The first time I walked by Balimaya in the Bronx, I simply took a photo and made a note to come back. A quick search online brings up almost nothing, except for a small Rachel Wharton Daily News article that mentions a customer from Mali. With my interest heightened but trying not to get too excited, I returned again, only to find nothing on offer for lunch during Ramadan. I did have a short conversation with the matriarch of the kitchen in her limited English and my very limited French, and ascertained that she was from Mali as well.
Patiently awaiting one of the five pillars of Islam to pass, I returned again last week after Ramadan for lunch and once again was faced with what seemed like an empty steam table. Luckily a couple lids were pulled off to reveal two available options: chicken and fish. The chicken seemed more appetizing, so I pointed at it and sat down. I was there around noon and told the soups come out around 1pm, so future diners should heed this advice.
It seems that Balimaya wants to advertise more than Mali for sure. Postcards of Alassane Ouattara, the president of Cote d'Ivoire are on the wall as well as an Africa's first presidents poster. Islamic texts in Arabic also adorn the walls, as does an advertisement for a tae kwon do course that looks to be taught by a West African.
I was asked whether I wanted a small or large portion, and if any experience in West African restaurants has gone to good use, it is to pick the small. What came to me was an $8 or $9 (depending on the price of the bissap drink I also ordered) mountain of chicken that was easily two full meals.
As seen above, the plate is also served with a large portion of puffy white rice and a small squirt of pepper sauce that should be approached, much less used, with caution. The sliced onions and tomatoes that top the chicken are part of a mustard and vinegar sauce that is used on many types of West African grilled meat dishes. Here the mixture is sharp and oily, both in favorable ways.
Those oils that collect at the bottom of your plate are perfect for adding to a spoonful of rice. The pieces of chicken, already expertly marinated, also take in the sharpness of the sauce, each bite a work of art. This stuff is good.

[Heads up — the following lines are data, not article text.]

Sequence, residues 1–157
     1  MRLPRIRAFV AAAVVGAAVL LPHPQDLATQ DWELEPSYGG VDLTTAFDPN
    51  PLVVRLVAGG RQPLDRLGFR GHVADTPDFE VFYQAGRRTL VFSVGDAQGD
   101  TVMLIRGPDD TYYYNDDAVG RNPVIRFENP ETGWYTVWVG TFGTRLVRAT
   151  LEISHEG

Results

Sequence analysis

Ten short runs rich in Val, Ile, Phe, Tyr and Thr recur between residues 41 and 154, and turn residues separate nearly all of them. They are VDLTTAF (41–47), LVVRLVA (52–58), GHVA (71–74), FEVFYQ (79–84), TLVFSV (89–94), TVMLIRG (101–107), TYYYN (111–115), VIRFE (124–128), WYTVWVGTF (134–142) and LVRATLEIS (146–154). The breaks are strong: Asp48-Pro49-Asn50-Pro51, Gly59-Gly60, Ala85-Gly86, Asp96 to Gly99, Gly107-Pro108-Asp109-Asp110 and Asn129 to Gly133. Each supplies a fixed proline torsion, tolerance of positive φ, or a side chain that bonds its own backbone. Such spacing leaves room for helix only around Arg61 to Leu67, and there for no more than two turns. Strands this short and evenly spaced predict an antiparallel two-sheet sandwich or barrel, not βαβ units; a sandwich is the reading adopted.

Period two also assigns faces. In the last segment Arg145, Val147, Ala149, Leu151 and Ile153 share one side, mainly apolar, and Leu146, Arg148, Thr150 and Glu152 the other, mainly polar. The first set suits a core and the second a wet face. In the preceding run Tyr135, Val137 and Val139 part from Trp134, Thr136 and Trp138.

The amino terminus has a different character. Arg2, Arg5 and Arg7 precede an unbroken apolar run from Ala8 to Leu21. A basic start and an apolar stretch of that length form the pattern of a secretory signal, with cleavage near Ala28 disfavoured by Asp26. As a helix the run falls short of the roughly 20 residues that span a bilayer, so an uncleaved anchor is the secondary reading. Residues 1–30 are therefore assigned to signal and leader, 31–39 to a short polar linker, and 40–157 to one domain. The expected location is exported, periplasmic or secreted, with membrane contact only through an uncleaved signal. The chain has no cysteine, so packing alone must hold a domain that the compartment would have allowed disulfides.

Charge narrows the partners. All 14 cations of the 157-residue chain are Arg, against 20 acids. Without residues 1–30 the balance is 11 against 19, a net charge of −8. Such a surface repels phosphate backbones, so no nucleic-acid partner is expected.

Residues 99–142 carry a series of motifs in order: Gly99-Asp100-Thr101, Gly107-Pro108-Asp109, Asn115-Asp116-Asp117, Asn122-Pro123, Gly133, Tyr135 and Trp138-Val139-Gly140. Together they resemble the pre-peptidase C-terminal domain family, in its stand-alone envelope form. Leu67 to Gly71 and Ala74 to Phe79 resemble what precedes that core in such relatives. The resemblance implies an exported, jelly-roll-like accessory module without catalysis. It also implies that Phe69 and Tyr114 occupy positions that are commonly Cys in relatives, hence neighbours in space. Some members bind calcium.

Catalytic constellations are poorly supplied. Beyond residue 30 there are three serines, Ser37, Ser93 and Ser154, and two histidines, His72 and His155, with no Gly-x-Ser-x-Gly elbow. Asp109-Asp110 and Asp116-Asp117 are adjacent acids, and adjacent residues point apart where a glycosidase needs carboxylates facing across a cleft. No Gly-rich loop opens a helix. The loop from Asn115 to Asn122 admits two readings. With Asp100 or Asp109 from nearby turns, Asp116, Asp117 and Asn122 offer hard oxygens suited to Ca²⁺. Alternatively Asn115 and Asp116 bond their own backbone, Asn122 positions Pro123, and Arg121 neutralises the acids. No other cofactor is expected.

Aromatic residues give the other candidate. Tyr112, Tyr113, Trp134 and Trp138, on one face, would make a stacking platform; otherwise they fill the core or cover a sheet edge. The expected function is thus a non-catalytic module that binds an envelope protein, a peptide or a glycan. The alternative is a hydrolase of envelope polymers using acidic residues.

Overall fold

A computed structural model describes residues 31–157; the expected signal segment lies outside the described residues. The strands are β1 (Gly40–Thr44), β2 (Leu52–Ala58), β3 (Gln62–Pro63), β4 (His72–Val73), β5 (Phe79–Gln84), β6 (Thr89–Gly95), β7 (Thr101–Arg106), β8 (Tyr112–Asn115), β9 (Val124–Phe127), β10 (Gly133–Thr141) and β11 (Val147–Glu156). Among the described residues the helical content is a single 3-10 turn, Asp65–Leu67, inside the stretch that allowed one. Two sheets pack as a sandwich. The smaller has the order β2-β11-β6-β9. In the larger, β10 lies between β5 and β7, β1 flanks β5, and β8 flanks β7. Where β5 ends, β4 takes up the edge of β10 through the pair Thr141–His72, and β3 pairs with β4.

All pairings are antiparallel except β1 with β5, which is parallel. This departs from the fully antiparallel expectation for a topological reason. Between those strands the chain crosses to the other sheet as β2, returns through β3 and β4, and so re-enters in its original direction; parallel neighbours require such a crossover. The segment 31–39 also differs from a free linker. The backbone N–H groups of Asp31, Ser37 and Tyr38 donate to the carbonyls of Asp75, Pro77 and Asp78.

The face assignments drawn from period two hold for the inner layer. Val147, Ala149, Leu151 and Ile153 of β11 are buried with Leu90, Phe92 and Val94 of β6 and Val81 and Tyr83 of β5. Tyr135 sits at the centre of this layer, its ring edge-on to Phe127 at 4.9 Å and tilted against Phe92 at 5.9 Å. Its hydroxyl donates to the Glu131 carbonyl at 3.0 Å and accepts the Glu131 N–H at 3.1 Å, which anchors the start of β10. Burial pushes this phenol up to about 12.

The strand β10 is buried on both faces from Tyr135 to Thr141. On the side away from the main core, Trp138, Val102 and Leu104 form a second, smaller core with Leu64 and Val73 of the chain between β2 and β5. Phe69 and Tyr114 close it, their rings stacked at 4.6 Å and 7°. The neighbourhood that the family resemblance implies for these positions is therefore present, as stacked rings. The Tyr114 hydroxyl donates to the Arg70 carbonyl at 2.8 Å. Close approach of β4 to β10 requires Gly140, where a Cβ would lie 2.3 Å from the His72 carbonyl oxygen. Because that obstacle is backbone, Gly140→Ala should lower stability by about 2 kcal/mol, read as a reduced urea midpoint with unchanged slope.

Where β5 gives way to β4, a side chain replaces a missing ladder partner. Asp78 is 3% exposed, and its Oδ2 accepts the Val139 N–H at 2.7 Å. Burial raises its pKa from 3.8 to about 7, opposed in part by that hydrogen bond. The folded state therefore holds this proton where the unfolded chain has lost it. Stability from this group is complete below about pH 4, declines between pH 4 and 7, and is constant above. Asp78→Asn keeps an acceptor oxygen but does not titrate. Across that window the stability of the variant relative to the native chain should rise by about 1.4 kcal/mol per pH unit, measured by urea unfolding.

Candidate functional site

On this visit the woman from Mali was busy in the kitchen and I was served by another friendly woman, who was from Guinea Conakry, the country English speakers refer simply as Guinea, whose capital is Conakry. Not Guinea-Bissau, that is to say. Most of Guinea is closer to Bamako, the capital of Mali than further flung regions of the northeast such as Timbuktu which have little in common with the capital. The lingua franca of the three ladies working here I do not know.
My trip to these regions of Mali many years ago, written about in my book Calm of the Niger, was met with the unfortunate situation of never having delicious meals. When I first learned that the chef was from this lovely country, I admit to doubting the food. After one meal, these doubts are gone, and I am looking forward to coming back with some friends and having a larger spread.
[UPDATE 08 AUGUST 2016: Here is that spread]
Grilled fish ($16)
Lamb head stew ($12). Look close!
This lamb head had no chance
Peanut butter stew ($10)
Potato leaf stew ($10)
Sweet plantains ($5)
"Couscous" comes with fish.
Our cup of dessert was mouni ($2, above), usually a breakfast porridge made of millet flour rolled into tiny balls. The tang from the millet and added sugar is reminiscent of candy somehow. A dollup of sour cream comes on top.
It is very clear that Balimaya is a special place.